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It was a small courtyard, perhaps half the size of a city block, enclosed on every side by brutish concrete buildings without windows. Two of the ancient buildings were abandoned, and only one contained the entrance to the slice of sunlight that glimmered, mostly unseen, within. In order to reach Shiloh, you had to move back through the rubble, fight your way through a crack in the back wall that only faintly glimmered with light before emerging from the darkness. Two-Step called this last section The Pilgrim’s Crawl, a squeeze through a menacingly tunnel about six feet long, at one point turning at an almost forty-five degree angle in almost complete darkness. Jack found it a fitting name, since the first time she traversed it, the only thing that kept her feet moving was her faith in the man that led her.

Two-Step had found it while running from a gang about a decade before. Someone unknown had beaten him to it, spray painted the word Shiloh onto the back wall and never made it out. At least, that was what Two-Step deduced based on the skeleton that he found partially obscured under a nearby bush, spray paint can in hand, bleached bone grin pointed up to the sky above. Since he had no one to tell him different and the skeleton didn’t object, Two-Step built a bench and took to curating the plant growth. He only took his late wife and his favorite student there when he thought they could use a moment of sanctuary.

It was one of the only places in Satellite where the sun beamed down into the courtyard. By some builder’s flaw or another, the buildings in Upper had been constructed directly over the buildings in Lower, leaving one giant skylight to pour all the way down to the dirt. The light nourished some small ferns, spiky grass, and soft patches of moss in this square so far removed from the city that towered over it.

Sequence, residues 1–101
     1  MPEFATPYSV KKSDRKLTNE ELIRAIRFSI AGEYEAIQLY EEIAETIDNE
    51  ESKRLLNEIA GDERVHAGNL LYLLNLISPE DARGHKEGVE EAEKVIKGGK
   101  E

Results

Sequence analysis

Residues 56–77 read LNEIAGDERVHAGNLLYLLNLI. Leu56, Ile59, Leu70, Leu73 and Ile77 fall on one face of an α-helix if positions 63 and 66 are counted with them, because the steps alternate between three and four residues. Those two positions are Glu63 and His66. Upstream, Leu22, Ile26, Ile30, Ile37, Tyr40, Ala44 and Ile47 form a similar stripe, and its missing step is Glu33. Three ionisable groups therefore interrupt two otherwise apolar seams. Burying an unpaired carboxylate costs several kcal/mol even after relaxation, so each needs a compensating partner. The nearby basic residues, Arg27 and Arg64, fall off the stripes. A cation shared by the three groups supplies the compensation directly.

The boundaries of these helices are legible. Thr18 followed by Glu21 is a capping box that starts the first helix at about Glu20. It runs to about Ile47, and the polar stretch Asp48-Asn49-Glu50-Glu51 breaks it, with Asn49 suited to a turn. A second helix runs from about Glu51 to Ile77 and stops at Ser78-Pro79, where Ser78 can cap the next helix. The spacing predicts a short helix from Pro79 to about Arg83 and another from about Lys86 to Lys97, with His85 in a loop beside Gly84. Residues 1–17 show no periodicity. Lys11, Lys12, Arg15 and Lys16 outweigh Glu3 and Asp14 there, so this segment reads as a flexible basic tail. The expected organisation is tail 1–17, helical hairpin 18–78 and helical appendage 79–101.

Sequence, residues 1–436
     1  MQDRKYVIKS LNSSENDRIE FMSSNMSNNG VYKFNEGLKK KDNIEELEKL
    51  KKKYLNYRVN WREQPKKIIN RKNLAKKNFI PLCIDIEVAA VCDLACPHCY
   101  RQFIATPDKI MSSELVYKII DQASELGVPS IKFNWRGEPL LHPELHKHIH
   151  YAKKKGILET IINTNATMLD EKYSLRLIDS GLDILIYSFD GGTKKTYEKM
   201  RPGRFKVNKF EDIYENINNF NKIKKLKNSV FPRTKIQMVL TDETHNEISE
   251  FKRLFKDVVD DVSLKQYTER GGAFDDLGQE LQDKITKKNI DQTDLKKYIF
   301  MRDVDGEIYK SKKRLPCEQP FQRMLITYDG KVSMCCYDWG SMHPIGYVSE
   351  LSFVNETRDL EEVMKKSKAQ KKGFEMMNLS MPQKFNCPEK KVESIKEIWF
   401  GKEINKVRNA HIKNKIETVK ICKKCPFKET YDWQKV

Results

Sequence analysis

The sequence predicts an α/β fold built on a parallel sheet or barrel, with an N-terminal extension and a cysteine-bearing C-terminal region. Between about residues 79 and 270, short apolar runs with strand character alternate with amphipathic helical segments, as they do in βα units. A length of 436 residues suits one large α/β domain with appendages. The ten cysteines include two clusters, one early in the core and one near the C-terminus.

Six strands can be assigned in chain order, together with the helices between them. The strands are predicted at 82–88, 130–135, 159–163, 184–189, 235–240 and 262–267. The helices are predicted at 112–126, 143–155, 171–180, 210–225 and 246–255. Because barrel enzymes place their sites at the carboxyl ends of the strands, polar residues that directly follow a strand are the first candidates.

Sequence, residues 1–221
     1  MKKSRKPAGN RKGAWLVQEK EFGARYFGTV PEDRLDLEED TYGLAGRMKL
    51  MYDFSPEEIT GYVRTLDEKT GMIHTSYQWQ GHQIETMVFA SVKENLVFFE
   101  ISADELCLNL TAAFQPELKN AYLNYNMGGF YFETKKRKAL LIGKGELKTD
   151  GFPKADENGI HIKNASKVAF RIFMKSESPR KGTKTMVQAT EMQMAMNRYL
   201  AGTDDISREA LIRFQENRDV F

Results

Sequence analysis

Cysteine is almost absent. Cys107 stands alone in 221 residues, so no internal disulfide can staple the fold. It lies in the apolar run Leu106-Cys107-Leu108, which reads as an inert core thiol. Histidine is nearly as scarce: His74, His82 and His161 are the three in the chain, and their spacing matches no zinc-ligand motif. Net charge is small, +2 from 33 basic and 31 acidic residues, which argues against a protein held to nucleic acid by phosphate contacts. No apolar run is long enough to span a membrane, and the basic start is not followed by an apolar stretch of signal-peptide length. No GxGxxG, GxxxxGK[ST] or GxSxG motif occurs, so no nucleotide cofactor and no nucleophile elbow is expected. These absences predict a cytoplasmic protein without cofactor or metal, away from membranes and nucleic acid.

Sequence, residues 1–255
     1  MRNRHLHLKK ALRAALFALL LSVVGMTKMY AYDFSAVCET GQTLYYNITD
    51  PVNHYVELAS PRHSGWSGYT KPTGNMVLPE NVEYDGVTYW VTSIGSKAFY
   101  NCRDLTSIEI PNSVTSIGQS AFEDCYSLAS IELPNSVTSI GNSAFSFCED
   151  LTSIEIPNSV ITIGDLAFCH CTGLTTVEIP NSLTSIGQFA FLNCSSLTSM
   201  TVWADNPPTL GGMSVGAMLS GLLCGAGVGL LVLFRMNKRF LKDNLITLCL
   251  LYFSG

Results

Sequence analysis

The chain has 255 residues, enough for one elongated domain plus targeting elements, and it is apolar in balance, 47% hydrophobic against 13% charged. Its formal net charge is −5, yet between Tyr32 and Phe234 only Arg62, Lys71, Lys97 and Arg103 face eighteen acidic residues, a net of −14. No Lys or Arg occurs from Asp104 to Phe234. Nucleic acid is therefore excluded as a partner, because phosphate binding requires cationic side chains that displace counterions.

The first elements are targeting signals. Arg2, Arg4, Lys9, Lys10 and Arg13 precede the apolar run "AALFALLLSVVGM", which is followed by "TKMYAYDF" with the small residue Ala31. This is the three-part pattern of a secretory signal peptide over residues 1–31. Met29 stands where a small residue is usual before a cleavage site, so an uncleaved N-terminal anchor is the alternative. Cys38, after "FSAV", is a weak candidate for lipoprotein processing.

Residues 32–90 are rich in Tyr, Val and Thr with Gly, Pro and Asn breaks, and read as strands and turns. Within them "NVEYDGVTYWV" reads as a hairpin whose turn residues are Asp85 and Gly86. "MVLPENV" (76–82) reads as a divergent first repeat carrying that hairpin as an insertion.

“Think,” Two-Step would say to the skeleton as he repainted over Shiloh so that it wouldn’t fade in the sun. “This is what it could be like. This could be all of Lower, if all we got was a little sun.”

Two-Step couldn’t remember when the cat started showing up. He found it one day, curled up on the bench in the downpour of sunlight, its coat a bright and unnatural turquoise, like it had been vandalized, or slept in a gallon bright green paint. Wherever it got its unnatural hue, it soon became Two-Step’s obsession, and his favorite retort to anyone who thought too small or offered up too mundane a topic of conversation.

“Somewhere in Satellite, there is a turquoise cat lying in the sun. Turquoise! And you’re preoccupied with that? Think better, Jack, there’s wonder out there if you look for it.”


Want to create your own place like Shiloh? Head over to our Kickstarter and fund the Location, Location, Location tier to create your own little niche in the City of Two!

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